And as regards it's place on the bestseller list? I am reminded of the wise words of the great Henrik Ibsen, who once suggested that "the solid majority is always wrong."
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22 of 22 people found the following review helpful By A Customer on August 26, 2002
Format: Paperback
I first ran into this book by accident in 1975 - it still remains one of my absolute favorites and I encourage anyone interested even remotely in fantasy or heroic romanticism to read it.
However, some caveats should be observed. The ORIGINAL story was published by Kelmscott Press which used "gothic" fonts and unconventional design. Ballentine used this as the source for the 1970 edition and a lot of textual errors crept in - not all of which have been corrected in this new version. (For example "A garth of pound" should read "A garth OR pound.")
But this does not excuse the omission of several paragraphs which are dropped from the bottom of page 308. It looks almost as though a whole page is missing.
I still highly recommend this book regardless. But if a better edition makes its way into the market I would buy that one instead.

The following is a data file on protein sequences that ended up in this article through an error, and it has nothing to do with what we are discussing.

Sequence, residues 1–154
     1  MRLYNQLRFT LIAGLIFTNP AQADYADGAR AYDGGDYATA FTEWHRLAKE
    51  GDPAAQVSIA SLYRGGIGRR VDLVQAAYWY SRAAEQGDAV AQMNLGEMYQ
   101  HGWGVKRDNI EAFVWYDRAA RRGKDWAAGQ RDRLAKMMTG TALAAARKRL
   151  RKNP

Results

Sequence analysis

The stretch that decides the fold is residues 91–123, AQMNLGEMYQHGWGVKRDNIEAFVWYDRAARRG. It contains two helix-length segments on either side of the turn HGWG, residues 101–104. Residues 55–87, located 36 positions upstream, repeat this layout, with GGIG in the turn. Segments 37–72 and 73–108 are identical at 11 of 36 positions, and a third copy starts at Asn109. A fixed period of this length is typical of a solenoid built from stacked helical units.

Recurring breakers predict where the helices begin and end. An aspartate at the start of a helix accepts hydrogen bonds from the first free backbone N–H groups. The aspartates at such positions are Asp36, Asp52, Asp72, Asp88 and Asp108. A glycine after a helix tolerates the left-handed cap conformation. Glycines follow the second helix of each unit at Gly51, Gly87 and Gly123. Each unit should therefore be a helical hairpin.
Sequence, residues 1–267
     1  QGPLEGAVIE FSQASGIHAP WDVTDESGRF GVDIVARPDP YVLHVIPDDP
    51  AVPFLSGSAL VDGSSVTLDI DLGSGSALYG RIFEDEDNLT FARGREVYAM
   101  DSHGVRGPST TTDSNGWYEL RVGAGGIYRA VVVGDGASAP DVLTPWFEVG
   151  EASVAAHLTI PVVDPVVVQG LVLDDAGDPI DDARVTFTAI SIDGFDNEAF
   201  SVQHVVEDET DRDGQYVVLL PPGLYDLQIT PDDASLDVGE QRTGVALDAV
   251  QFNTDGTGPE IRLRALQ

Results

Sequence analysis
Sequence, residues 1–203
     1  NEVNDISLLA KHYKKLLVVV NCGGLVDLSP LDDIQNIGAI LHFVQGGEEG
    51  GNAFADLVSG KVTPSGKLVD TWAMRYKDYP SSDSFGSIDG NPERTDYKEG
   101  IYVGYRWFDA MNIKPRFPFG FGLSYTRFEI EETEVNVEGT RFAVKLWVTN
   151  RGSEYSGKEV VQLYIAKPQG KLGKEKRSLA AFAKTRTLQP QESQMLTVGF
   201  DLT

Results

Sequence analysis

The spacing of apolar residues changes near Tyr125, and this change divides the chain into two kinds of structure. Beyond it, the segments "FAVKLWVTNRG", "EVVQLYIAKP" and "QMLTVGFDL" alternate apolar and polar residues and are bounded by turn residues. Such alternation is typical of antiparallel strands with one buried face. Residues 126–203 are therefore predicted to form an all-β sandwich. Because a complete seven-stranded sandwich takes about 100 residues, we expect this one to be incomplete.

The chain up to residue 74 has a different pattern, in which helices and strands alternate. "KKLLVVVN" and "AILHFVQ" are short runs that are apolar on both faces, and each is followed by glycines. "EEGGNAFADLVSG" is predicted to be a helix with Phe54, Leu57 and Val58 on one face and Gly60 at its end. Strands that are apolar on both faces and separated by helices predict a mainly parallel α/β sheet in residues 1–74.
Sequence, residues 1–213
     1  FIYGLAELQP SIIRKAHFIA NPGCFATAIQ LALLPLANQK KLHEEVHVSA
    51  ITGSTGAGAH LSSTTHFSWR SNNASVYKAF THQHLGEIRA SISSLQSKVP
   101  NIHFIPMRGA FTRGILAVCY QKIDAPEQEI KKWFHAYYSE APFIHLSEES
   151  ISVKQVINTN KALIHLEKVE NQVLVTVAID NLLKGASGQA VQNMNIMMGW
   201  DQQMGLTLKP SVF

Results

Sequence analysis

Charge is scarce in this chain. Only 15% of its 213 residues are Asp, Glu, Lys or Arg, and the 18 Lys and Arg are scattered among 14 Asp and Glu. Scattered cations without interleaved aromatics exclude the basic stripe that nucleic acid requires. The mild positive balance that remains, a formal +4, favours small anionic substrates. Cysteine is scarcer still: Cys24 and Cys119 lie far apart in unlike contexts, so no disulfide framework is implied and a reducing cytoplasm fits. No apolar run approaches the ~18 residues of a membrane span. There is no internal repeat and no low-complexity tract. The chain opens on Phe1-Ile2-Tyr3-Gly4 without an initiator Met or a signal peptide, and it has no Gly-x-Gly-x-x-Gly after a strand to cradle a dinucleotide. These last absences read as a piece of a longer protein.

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14 of 14 people found the following review helpful By Amazon Customer on May 30, 2000
Format: Paperback
You've got to wonder why people fall all over themselves in slavish imitation of Lovecraft and his "mythos" and yet nobody seems to have planned any literary adventures in William Morris' world of Upmeads. I've been interested in fantasy literature and its history for a while, and a week ago I finally sat down and read this book. I was expecting it to be better than Lord of the Rings, and it was. I've always preferred Lewis' Narnia to Tolkien's Middle-Earth, and Morris gives me another alternative (albeit the alternative that actually spawned both Narnia AND Middle Earth). Ralph and Ursula make one of the most affectionate, lovable couples to be found in fantasy literature, the physical descriptions of landscapes and clothing and people are all the more gorgeous for their archaic nature, and you even get as an occasional bonus William Morris inserting his pre-Fabian socialist ideas into people's mouths. If people are going to write imitative fantasy novels, they should start with THIS, and not Tolkien or Lovecraft.
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The Well at the World's End: Volume I